Introduction: How to Make a Silver Droplet Pendant Using a Dremel and No Casting
I wanted to make my wife something special for Christmas and after much thought finally settled on a silver droplet pendant. I wanted to make it using just a Dremel multitool, without casting, and thought it would be great to write up as as Instructable for you.
I inscribed it on the back using a compass and used silver-coated copper wire to attach it to the chain. It measures 12.5mm wide by 20mm long.
- 2mm silver sheet
- 0.5mm silver plated copper wire
- Medium and fine sandpaper
- Silver polish
- Yellow duster
Step 1: Draw Your Pendant Shape
Draw the shape of your pendant on the silver, fitting it so there will be as little waste as possible. You could print the photo I have taken, cut it out and use the same outline I did, or draw your own. I found pencil didn't mark the surface so used a black fine-liner instead. Otherwise you could scratch with a compass or jewellers scribe tool. Sometimes the metal is supplied with a plastic coating which can make it hard to draw on. Peel it off.
Step 2: Cut It Out
Cut the shape out using the 1mm cutting disc on your Dremel. Hold the silver with a folded piece of paper in the jaws of the pliers so they don't mark. It gets too hot to hold by hand. You are better off cutting it slightly too big, rather than slightly too small; you can always even up later.
Save the silver dust and shards for melting down or another project.
Step 3: Cut It Out 2
Cut round the edge, keeping the cuts as short as possible to save the silver. Take your time! If you mess it up see it as a practice!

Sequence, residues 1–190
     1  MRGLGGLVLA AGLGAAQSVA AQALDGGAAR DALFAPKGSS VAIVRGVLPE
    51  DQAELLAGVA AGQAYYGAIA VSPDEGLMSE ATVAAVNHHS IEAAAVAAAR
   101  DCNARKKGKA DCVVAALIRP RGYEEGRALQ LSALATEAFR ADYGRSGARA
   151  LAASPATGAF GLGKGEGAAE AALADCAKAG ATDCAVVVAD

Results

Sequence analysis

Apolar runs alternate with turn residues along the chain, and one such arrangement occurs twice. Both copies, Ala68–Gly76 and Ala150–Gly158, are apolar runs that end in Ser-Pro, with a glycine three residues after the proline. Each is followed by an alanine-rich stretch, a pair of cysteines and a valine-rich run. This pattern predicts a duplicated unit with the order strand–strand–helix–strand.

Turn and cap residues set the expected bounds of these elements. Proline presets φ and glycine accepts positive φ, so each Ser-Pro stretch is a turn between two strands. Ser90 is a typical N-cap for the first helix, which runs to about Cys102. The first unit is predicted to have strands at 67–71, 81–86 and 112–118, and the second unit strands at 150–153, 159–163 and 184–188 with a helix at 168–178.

Step 4: Tidy Up With Sanding Drum
Use the sanding drum on your multitool to round the edges off. Take your time! Once you shave off metal you can't put it back! After removing a small amount, turn the piece over in your hand so you can check you are making it even and symmetrical.
Step 5: Sand the Top and Corners
Use the multitool to thin the tail and round the corners to make the piece droplet shaped. Use cold water to quench it if it gets too hot to hold.
Step 6: Medium Sandpaper
Use some medium sandpaper to smooth the edges and create a neat rounded edge.
Step 7: Fine Sandpaper
Use the fine sandpaper to smooth the edges further. If you can't get a scratch out go back to the medium sandpaper. If it's too deep for the medium sandpaper, go back to the grinding drum.
Step 8: Cut a Notch for the Wire
Cut a notch across the back for the wire to lock onto. Start by cutting notches on either side at the back then join them up.
Step 9: Polish
Polish using silver polish and a cloth. I started with a blue cleaning cloth before using a yellow duster and the polishing wheel on the Dremel; I found the Dremel gave the most scratch-free finish. After dipping the polishing wheel in the silver polish cover it with your gloved hand or a cloth when you start running it otherwise there will be a line of silver polish across the ceiling.
Step 10: Add the Wire Chain Attachment
Polish the 0.5mm wire by rubbing it with a clean cloth and silver polish, then wind twice around the notched part of your pendant. Twist tightly behind the pendant, checking that the wire is fitting into the notches and that the wire isn't wobbly on the pendant afterwards.
Make a few twists and then wind round a 2mm drill bit, as per the photos, before twisting again and then snipping off with pliers or wire cutters. Make sure you leave a couple of twists above the open loop so that it doesn't come undone. If the end doesn't look neat you can neaten it up with a metal file or sandpaper. Check the diameter of the loop on the end of the chain; it needs to be able to fit through the loop on your pendant. I gently squeezed the loop on my chain to make it narrower as I didn't want to have to make the loop on the pendant too large.
Thread the chain through and you are done!
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